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Taming Big Data [A Big Data Infographic]

Taming Big Data [A Big Data Infographic]

Big Data can be a beast. Data volumes are growing exponentially.The types of data being created are likewise proliferating. And the speed at which data is being created – and the need to analyze it in near real-time to derive value from it – is increasing with each passing hour.

But Big Data can be tamed. We’ve got living proof. Thanks to new approaches for processing, storing and analyzing massive volumes of multi-structured data – such as Hadoop and MPP analytic databases — enterprises of all types are uncovering new and valuable insights from Big Data everyday.

Leading the way are Web giants like Facebook, LinkedIn and Amazon. Following close behind are early adopters in financial services, healthcare and media. And now it’s your turn. From marketing campaign analysis and social graph analysis to network monitoring, fraud detection and risk modeling, there’s unquestionably a Big Data use case out there with your company’s name on it.

We here at Wikibon are excited to present this compelling Big Data infographic, which we hope will help you better understand how your peers are applying Big Data today and inspire you tame the Big Data beast yourself. Check out videos, market forecasts and deep research at on our curated page about Big Data.


Blogged from: http://wikibon.org/blog/taming-big-data/

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HDFS Architecture

HDFS Architecture

HDFS is a block-structured file system: individual files are broken into blocks of a fixed size. These blocks are stored across a cluster of one or more machines with data storage capacity. Individual machines in the cluster are referred to as DataNodes. A file can be made of several blocks, and they are not necessarily stored on the same machine; the target machines which hold each block are chosen randomly on a block-by-block basis. Thus access to a file may require the cooperation of multiple machines, but supports file sizes far larger than a single-machine DFS; individual files can require more space than a single hard drive could hold.

If several machines must be involved in the serving of a file, then a file could be rendered unavailable by the loss of any one of those machines. HDFS combats this problem by replicating each block across a number of machines (3, by default).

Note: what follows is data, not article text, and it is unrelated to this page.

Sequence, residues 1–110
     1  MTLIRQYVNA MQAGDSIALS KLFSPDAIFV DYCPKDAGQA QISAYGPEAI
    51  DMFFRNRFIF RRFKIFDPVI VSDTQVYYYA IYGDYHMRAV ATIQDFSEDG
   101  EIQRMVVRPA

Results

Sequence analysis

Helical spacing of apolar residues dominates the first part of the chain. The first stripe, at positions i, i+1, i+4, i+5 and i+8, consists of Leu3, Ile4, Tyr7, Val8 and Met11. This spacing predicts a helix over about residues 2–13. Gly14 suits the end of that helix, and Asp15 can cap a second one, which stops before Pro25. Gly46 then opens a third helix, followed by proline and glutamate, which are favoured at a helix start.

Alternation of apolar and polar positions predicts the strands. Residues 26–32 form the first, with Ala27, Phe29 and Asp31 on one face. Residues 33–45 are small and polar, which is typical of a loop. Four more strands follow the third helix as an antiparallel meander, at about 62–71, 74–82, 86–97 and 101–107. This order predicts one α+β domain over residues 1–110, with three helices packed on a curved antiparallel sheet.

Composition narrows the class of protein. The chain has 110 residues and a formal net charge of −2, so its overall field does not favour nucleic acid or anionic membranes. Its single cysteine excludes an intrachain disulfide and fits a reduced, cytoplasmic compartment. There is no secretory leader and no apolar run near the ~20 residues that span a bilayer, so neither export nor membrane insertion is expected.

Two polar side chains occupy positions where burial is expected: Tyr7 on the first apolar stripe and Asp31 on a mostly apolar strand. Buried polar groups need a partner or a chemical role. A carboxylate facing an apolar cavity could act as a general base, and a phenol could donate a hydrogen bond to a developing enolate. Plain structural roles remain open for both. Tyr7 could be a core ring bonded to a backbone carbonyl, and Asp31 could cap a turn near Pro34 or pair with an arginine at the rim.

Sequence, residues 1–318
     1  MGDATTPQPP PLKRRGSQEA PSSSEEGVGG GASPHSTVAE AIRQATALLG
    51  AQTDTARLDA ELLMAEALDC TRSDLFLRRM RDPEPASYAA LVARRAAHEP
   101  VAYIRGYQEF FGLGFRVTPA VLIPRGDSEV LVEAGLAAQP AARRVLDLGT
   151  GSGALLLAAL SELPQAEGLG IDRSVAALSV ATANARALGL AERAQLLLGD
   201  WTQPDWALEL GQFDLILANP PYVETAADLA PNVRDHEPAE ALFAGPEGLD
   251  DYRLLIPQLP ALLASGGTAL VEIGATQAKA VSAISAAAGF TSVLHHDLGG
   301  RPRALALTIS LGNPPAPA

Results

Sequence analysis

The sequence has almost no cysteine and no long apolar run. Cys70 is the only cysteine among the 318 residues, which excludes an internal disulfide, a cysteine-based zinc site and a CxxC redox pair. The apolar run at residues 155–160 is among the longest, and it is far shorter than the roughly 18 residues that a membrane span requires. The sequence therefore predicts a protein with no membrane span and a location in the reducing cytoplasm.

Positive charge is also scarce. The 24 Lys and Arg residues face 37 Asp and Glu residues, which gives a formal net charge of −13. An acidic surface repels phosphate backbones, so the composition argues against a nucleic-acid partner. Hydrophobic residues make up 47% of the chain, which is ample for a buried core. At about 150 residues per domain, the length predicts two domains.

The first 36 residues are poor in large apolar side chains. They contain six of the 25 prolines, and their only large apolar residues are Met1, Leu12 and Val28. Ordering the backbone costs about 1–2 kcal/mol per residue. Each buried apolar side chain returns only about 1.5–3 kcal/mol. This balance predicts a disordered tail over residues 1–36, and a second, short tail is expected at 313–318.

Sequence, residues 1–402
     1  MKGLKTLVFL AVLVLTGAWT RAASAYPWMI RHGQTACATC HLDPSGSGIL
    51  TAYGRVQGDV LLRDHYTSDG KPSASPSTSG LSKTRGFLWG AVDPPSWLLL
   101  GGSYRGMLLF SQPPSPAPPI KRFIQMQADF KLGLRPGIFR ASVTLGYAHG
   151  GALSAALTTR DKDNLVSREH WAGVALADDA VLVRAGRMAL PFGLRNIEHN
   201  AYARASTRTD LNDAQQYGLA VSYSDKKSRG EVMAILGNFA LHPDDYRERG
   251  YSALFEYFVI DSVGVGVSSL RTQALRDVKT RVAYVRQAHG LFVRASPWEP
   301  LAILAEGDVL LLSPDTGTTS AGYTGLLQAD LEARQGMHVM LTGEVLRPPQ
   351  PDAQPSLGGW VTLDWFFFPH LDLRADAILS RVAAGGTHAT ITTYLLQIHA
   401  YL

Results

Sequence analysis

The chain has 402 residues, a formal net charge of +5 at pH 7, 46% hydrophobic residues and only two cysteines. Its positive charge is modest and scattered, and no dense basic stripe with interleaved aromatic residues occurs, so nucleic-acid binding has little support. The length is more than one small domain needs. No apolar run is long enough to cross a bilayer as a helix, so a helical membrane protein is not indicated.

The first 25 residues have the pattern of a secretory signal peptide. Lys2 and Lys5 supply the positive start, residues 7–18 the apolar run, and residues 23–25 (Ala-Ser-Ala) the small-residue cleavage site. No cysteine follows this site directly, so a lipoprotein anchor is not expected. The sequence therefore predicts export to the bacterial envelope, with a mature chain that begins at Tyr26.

Most block-structured file systems use a block size on the order of 4 or 8 KB. By contrast, the default block size in HDFS is 64MB — orders of magnitude larger. This allows HDFS to decrease the amount of metadata storage required per file (the list of blocks per file will be smaller as the size of individual blocks increases).

Furthermore, it allows for fast streaming reads of data, by keeping large amounts of data sequentially laid out on the disk. The consequence of this decision is that HDFS expects to have very large files, and expects them to be read sequentially. Unlike a file system such as NTFS or EXT, which see many very small files, HDFS expects to store a modest number of very large files: hundreds of megabytes, or gigabytes each. After all, a 100 MB file is not even two full blocks. Files on your computer may also frequently be accessed “randomly,” with applications cherry-picking small amounts of information from several different locations in a file which are not sequentially laid out. By contrast, HDFS expects to read a block start-to-finish for a program.

This makes it particularly useful to the MapReduce style of programming described in Module 4. That having been said, attempting to use HDFS as a general-purpose distributed file system for a diverse set of applications will be suboptimal.

Because HDFS stores files as a set of large blocks across several machines, these files are not part of the ordinary file system. Typing ls on a machine running a DataNode daemon will display the contents of the ordinary Linux file system being used to host the Hadoop services — but it will not include any of the files stored inside the HDFS. This is because HDFS runs in a separate namespace, isolated from the contents of your local files. The files inside HDFS (or more accurately: the blocks that make them up) are stored in a particular directory managed by the DataNode service, but the files will named only with block ids. You cannot interact with HDFS-stored files using ordinary Linux file modification tools (e.g., ls, cp, mv, etc). However, HDFS does come with its own utilities for file management, which act very similar to these familiar tools. A later section in this tutorial will introduce you to these commands and their operation.

It is important for this file system to store its metadata reliably. Furthermore, while the file data is accessed in a write once and read many model, the metadata structures (e.g., the names of files and directories) can be modified by a large number of clients concurrently. It is important that this information is never desynchronized. Therefore, it is all handled by a single machine, called the NameNode. The NameNode stores all the metadata for the file system. Because of the relatively low amount of metadata per file (it only tracks file names, permissions, and the locations of each block of each file), all of this information can be stored in the main memory of the NameNode machine, allowing fast access to the metadata.